Supporters of the European Union breathed a sigh of relief when the Netherlands right-wing leader Geert Wilders failed to win the Dutch elections of March 15. He was tipped to win the most seats, which would have given him a good chance of forming the next government. Wilders, whom the media called the Dutch Trump, is not just right-wing but an ultra-nationalist who detests the EU and the euro regime, is against immigration and Muslims in particular, and in every possible way an opponent of the Union’s self-image as liberal, cosmopolitan, inclusive and multi-cultural. Each of these descriptions is anathema to Wilders and his supporters who feel the EU is forcing the Dutch and other societies to dilute national identities to vanishing point while making concessions to immigrant communities, especially Muslims, that give them no incentive to assimilate.

Indeed there is a widespread feeling that the Union’s approach has encouraged Islamic radicalism in every country where Muslims have a significant presence. If we add to this the perception that immigrants steal jobs and disrupt the old sense of community, we have a potent, flammable mixture just waiting for the right demagogue to exploit the sense of grievance. Britain got it in the unlikely persona of Nigel Farage of UKIP, who was joined by hard right conservatives in a campaign that stoked nativist discontent to the point where a majority of Britons voted to leave the Union in June last year. Then came the election of Donald Trump, the unlikeliest of hard right candidates in the world’s oldest democracy.

Brexit and the US election were thus a huge shot of oxygen for the likes of Wilders, Marine Le Pen of France’s far-right National Front and neo-fascist right wing groups in Germany. The latter two are due for elections in the next few months, so the Netherlands was considered a sort of advance run by moderate and liberal elements who were watching with bated breath. Wilder’s inability to make the final cut is being seen as a victory for sanity in a Europe turning increasingly inward but appearances can be deceptive. Wilders may not be the next Dutch prime minister but his agenda has advanced beyond expectations.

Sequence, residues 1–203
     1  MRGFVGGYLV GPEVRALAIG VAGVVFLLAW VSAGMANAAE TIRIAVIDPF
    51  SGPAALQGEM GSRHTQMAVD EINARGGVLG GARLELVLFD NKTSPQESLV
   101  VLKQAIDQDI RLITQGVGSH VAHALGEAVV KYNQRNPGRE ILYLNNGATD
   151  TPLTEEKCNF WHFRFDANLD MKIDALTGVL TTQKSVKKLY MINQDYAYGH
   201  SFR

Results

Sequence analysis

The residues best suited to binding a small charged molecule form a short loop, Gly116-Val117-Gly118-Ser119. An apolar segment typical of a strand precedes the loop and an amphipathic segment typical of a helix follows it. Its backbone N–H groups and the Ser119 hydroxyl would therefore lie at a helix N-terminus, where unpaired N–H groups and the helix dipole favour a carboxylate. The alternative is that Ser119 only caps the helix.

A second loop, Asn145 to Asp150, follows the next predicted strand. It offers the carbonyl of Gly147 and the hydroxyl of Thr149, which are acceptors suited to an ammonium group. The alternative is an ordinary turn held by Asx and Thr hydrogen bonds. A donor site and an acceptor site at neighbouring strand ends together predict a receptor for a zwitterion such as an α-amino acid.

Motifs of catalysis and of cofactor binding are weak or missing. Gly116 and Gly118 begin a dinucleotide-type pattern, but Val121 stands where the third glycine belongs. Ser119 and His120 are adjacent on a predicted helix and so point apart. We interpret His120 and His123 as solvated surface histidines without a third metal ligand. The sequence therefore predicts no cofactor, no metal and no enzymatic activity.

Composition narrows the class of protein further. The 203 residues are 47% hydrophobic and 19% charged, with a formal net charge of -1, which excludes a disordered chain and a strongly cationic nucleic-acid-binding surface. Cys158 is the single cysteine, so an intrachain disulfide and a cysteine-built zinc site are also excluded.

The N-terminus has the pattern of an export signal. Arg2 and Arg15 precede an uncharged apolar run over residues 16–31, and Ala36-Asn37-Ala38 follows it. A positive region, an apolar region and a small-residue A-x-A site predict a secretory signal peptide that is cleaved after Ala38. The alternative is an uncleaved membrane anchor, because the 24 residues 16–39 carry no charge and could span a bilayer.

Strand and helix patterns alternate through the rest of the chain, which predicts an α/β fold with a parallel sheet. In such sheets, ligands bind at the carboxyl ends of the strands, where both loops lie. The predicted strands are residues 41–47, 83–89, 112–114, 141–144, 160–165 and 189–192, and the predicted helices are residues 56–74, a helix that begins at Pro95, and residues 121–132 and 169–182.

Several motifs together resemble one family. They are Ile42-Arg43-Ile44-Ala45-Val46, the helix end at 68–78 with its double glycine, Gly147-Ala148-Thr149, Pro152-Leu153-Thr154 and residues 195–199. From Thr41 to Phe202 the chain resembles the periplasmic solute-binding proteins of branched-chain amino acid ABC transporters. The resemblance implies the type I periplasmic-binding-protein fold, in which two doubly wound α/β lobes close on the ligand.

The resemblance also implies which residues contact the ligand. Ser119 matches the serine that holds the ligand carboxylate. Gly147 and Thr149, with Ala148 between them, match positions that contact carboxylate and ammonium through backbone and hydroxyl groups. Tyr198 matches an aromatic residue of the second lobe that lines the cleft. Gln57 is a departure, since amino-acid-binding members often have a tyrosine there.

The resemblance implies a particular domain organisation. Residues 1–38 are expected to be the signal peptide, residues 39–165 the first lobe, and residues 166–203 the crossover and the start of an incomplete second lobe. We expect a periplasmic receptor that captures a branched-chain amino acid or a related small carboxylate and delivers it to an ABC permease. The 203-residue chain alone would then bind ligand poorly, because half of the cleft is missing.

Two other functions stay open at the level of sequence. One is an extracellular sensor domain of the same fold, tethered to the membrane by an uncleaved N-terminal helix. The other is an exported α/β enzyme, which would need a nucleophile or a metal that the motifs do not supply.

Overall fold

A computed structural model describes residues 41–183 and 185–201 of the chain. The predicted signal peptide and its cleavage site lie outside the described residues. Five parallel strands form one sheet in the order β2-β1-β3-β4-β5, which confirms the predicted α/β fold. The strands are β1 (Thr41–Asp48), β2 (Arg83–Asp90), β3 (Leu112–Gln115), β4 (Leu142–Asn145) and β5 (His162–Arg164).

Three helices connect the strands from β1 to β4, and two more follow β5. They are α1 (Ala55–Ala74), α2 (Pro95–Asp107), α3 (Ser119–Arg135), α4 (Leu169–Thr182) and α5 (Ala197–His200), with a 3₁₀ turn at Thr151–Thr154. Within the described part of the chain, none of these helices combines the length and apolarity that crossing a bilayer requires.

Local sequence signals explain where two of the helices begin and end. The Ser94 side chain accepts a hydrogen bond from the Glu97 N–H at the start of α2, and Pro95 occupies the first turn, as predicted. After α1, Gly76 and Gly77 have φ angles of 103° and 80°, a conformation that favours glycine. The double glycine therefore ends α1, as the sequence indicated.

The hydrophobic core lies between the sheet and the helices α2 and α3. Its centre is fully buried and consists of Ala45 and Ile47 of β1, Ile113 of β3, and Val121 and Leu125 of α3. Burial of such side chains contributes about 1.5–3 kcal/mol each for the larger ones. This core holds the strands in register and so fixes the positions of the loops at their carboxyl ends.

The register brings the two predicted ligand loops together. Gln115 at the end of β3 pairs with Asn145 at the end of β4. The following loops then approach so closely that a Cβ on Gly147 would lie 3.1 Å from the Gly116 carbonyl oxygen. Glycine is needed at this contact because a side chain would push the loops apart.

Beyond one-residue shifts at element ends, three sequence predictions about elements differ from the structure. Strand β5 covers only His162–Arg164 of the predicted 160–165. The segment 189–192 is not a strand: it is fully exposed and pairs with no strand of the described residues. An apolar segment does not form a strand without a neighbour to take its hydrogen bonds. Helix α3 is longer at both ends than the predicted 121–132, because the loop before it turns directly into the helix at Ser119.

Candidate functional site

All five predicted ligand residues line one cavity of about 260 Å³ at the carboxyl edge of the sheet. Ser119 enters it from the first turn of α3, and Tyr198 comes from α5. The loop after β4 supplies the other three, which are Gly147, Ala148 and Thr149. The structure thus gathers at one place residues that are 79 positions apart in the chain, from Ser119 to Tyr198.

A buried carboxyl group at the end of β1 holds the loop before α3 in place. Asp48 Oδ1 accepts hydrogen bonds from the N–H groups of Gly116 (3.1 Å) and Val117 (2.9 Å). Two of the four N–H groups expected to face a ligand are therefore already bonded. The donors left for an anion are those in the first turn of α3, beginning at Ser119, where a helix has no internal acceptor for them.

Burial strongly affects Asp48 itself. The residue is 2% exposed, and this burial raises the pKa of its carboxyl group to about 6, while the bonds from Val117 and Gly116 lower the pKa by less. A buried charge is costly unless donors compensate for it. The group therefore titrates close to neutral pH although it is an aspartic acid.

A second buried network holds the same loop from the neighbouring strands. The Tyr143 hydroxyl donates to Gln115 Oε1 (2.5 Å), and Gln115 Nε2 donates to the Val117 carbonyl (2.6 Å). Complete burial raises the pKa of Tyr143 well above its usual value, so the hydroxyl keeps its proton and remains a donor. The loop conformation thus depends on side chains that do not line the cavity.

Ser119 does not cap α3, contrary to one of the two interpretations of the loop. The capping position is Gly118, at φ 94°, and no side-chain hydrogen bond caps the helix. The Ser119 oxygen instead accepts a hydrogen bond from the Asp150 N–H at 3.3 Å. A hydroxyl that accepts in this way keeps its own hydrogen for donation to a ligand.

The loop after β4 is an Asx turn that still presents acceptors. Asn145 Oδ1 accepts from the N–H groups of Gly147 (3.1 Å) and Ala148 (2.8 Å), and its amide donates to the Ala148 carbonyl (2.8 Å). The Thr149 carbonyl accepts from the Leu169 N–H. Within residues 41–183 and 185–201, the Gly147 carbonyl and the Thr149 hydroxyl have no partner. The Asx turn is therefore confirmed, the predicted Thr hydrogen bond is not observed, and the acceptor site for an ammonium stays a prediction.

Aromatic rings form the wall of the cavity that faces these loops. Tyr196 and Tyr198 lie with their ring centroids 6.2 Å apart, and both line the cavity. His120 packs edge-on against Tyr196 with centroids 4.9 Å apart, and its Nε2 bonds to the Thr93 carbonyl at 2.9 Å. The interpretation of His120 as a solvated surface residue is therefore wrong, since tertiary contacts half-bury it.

For one thing, his Party for Freedom (PVV) gained five seats over its previous 15 and is now the second largest in Parliament. It’s also increased its popular support from 10.1 per cent of the vote to 13.1. By contrast the centre-right People’s Party for Freedom and Democracy (VVD) of Mark Rutte, now the largest at 33, lost eight seats and its vote share slipped by five per cent. For left-wing Labour (PvdA) 2017 was a catastrophe. It lost 29 of the 38 seats it held and its vote share slipped from 24.8 per cent to 5.7. More importantly, Rutte’s now notorious outreach to far-right voters through an open letter that said “People who refuse to adapt and criticise our values should behave normally or go away” shows he may be closer to Wilders than he cares to admit. It could have been a tactical move but if the right continues to rise in popular sentiment, Rutte or his party may align with VVD at some point.

The real story here is that the right in Europe, whether Christian, fascist or Catholic, is by definition anti-Muslim, opposed to non-white immigration and strongly nationalist in spirit. In other words, it stands for all those things the European Union was set up to oppose and its popular appeal is surging. If France or Germany bows to this nationalist tide it would mean the end of the EU and the world as we have known it since World War II. It is impossible to estimate the chances of this happening but it is worth noting that French opinion polls widely predict a Marine Le Pen victory in the first round of the presidential election. Data from a March 20-23 survey showed her polling at 25 per cent. Her main rival is the moderate right-wing maverick Emmanuel Macron, shown at 26 per cent. The left and liberals are nowhere in the picture.

People and cultures are different across the world but the hard right—whether in the US, France or India—has one thing in common with the hard left; it holds in contempt any opposition to its ideals. It brooks no rival either, as is clear from Poland, Philippines or the state government in Uttar Pradesh. Democracy, on the other hand, is critically dependent on shared political space, compromise and recognition of the other, a complex balance that is threatened by the monotone refrain of cultural nationalism.

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